TAIPEI (The China Post) — Two dozen elementary students wiggle in their seats. They are captivated by their teacher who is, to their surprise, holding a handful of condoms.
“Who here knows what a condom is?” Their teacher asks. A wave of giggles sweeps the classroom before half of the students raise their hands. The others simply stare idly at the mysterious, square-shaped packages.
Shot and broadcasted from Kaohsiung on national television in 2017, this playful lesson on sexual education and gender equality sparked controversy among Taiwanese residents.
Although it was widely denounced by many conservative and anti-gay critics, the lecture was also applauded by thousands of supportive citizens.
Regardless of the differing impression observers had towards the lesson, however, it was agreed on all sides that the average Taiwanese student did not receive such in-depth sexual education.
Currently, government-mandated sex education simply recommends students to remain sexually abstinent. In a study performed by Huang Sue-ying (黃淑英), the chairwoman of Taiwan’s Women’s Link, the sex education programs in Taiwanese schools have an inherent biased.
Mixed with traditional ideologies as well as a moralizing tone, Taiwan’s sex education program teaches students to suppress their sexual urges or practice sex solely within wedlock.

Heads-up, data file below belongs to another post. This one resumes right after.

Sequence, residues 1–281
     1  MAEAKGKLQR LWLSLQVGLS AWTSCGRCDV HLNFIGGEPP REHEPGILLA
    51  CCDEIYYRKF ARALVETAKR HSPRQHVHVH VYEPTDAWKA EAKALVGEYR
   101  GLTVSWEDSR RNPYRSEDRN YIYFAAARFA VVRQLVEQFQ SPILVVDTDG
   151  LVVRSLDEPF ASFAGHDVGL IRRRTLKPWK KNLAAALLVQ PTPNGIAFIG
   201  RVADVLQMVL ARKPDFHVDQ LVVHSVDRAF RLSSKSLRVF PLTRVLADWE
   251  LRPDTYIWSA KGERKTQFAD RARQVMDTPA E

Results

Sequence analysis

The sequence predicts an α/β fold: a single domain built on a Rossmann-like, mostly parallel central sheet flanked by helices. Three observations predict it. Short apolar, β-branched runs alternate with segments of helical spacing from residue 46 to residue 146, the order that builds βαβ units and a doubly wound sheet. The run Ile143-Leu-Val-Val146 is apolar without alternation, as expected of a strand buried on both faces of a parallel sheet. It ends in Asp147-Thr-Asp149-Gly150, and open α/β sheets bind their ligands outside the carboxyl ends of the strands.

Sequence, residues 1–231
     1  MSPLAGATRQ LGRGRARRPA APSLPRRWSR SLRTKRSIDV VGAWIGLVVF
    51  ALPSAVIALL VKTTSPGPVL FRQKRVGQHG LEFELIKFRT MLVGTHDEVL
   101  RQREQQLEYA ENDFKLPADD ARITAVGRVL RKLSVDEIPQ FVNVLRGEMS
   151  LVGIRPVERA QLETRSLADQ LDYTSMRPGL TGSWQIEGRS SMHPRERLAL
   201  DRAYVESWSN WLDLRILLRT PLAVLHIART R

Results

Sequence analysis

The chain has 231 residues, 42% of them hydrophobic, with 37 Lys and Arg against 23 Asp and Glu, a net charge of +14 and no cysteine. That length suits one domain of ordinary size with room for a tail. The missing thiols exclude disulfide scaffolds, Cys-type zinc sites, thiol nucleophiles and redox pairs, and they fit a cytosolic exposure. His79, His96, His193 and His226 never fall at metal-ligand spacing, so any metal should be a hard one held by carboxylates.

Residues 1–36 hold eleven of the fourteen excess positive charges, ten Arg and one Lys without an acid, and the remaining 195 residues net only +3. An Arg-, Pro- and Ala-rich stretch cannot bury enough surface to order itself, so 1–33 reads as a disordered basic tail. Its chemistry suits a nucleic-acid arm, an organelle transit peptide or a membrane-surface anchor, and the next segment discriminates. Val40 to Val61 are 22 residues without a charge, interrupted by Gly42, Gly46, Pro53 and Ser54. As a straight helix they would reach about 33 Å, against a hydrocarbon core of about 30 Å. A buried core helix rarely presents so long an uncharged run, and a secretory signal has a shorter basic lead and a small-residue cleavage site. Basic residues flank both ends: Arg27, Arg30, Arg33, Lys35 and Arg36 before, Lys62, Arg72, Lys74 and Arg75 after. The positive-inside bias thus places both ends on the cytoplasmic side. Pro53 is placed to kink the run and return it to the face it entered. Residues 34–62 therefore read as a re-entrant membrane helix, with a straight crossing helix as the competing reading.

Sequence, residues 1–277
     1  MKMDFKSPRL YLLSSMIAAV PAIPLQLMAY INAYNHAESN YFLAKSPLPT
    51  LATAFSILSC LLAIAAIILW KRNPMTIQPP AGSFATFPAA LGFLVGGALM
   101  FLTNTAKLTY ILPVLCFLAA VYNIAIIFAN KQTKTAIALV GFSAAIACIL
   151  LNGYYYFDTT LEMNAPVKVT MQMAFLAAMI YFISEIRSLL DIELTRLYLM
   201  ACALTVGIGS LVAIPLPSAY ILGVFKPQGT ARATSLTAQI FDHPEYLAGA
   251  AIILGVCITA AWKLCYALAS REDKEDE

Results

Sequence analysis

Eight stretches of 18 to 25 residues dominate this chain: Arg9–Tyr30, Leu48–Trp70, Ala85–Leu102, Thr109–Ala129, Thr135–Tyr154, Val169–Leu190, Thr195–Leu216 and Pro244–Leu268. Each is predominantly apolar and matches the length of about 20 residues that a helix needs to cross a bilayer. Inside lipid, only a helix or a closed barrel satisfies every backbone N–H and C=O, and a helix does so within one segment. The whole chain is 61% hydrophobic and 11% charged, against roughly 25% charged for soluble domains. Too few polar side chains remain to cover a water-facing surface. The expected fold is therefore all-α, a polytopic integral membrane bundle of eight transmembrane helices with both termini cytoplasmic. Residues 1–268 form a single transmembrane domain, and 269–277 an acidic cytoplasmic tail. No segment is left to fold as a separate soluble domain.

This inadequate schooling method ultimately leaves students to fall within two categories — one that includes concealing sexual desires and another that involves practicing unsafe sex.
Although the two options may seem different, they ultimately lead to similar faults in sexual practices and desire within teens.
In a study by The Journal of Sex Research, it was found that teenagers that attempt to repress sexual thoughts only beget a stronger preoccupation of sexual fantasies as well as addictions to pornographic material or masturbation.
As collected by a poll released by the Taiwan Association for Sex Education, 40 percent of sexually active teenagers are practicing unsafe sex.
What’s more, according to Professor Chi-Chia J. Cheng from Fu-Jen Catholic University, 94 percent of HIV infections are conceived through unsafe sex.
However, complications from having a restrictive sex education do not end there.
In 2019, an international school located in Taipei struggled with a sexual harassment scandal; a ring of male students began inappropriately photographing and distributing private images of female students without their consent.
The male students, although wrong in their actions, were also victims in their own right.
Their schooling system, which was supposed to teach and guide them, had failed to properly provide them with sex education. Had they were properly educated on consent and sexual assault, perhaps they would not have made the same mistakes.
Most if not all of the schooling material and content in Taiwan is dictated by the government and older generations.
Although all individuals may be entitled to their own opinions on sex, the beliefs of one demographic should never be exerted upon another.
It’s time for Taiwan to present thorough sex education to younger generations, and allow them to determine for themselves whether or not they want to be sexually active.